Merchants are forced to pretend there is no such cost. It's a taboo imposed by law. Merchants have to incorporate a third party processing fee into the product cost, so even the customers who don't use credit cards pay that price. It is not only a monetary price. It's also a qualitative difference, because the barrier of entry eliminates from the marketplace the efficient and innovative small businesses which are not able to amortize the risk and cost of online payments.
U: Can't you educate customer to make them aware of the problem?
SKrobot: This is what we do here. There are many customers who are aware of how high price they pay for using credit cards and how big share goes to corrupted financial institutions. However the sad thing is that normally those customers still contribute to cover the cost of maintaining credit card industry because the fee is included in the final price of the product which, for simplicity and legal reasons, is the same for everyone, no matter how they pay. In SecurityKISS we think it's not fair, hence the massive discount for Bitcoin payments.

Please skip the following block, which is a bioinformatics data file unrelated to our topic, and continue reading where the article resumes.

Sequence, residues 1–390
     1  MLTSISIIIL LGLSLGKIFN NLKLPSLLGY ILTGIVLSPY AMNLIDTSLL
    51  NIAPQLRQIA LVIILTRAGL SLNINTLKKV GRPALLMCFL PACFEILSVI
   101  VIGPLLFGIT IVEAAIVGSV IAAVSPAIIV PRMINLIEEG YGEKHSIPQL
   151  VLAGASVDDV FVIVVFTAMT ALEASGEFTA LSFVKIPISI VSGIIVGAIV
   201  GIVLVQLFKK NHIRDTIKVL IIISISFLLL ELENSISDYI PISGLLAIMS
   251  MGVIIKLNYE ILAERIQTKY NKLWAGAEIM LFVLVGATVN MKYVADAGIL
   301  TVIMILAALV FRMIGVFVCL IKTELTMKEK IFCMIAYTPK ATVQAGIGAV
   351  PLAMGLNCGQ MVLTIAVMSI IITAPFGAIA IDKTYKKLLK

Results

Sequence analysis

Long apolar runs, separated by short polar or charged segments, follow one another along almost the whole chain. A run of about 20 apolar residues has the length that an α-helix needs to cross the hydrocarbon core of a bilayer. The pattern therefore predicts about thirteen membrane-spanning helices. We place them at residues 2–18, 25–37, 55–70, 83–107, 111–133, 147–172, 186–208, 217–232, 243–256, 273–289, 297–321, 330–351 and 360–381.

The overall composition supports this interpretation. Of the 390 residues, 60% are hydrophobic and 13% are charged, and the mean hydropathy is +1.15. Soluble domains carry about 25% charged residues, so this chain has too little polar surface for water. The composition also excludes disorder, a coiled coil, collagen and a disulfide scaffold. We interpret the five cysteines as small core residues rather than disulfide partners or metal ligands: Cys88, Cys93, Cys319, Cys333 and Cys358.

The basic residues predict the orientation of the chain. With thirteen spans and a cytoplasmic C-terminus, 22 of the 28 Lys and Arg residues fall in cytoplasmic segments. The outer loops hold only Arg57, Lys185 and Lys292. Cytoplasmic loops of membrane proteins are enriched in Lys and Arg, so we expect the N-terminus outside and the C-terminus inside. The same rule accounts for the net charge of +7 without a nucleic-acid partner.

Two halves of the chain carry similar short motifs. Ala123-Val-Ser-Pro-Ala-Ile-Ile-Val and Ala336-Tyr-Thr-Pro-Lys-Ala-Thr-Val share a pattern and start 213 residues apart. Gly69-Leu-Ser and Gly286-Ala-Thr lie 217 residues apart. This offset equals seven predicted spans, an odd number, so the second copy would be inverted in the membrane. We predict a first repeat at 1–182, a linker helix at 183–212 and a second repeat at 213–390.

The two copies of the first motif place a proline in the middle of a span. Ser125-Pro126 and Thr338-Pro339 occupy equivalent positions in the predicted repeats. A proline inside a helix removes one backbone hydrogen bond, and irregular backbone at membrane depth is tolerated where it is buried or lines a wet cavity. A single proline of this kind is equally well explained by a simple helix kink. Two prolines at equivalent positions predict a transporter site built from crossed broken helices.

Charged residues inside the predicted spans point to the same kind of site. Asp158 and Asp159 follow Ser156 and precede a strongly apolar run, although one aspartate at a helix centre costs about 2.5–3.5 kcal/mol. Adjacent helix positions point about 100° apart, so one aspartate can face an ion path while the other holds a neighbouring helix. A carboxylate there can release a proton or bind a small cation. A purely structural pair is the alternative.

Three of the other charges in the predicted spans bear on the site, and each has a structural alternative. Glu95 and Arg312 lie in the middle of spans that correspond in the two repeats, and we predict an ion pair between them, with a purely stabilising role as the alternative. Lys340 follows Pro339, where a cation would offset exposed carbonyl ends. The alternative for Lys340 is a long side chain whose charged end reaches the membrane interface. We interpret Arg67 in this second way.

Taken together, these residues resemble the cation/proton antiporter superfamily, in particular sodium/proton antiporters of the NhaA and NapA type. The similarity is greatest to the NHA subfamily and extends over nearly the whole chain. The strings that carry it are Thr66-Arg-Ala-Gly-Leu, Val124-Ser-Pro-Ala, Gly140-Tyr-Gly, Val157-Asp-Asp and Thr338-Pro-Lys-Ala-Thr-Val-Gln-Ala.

U: But with Bitcoin, does it mean that you can evade taxes and do money laundering?
SKrobot: Absolutely not. We pay taxes from Bitcoin transactions like from any other revenue. Money laundering is the process of concealing illicit sources of money to make it appear like legitimately earned money. For money laundering one has to have illicit source of money in the first place. Providing online security, privacy and anonymization services is not illegal (yet).
U: What worries me is that Bitcoin payments are irreversible and I can't claim back the payment if you don't fulfill the order.
SKrobot: SecurityKISS was founded in 2010 and is continually building trust and reputation among users. It is our greatest asset. We wouldn't risk our reputation by not fulfilling the order or by not refunding the payment if the customer is not satisfied. We understand that the merchant reputation becomes an issue in the Bitcoin landscape, so for your online store selection we suggest not to trust search engine results which can be easily manipulated but instead rely on your friends' recommendation. It's also the reason why we don't do any advertising.
U: So where can I get Bitcoins?
SKrobot: We prefer not to promote or endorse other websites. Do your own research. The matter of payments is very important because it affects your quality of life. You owe it some attention.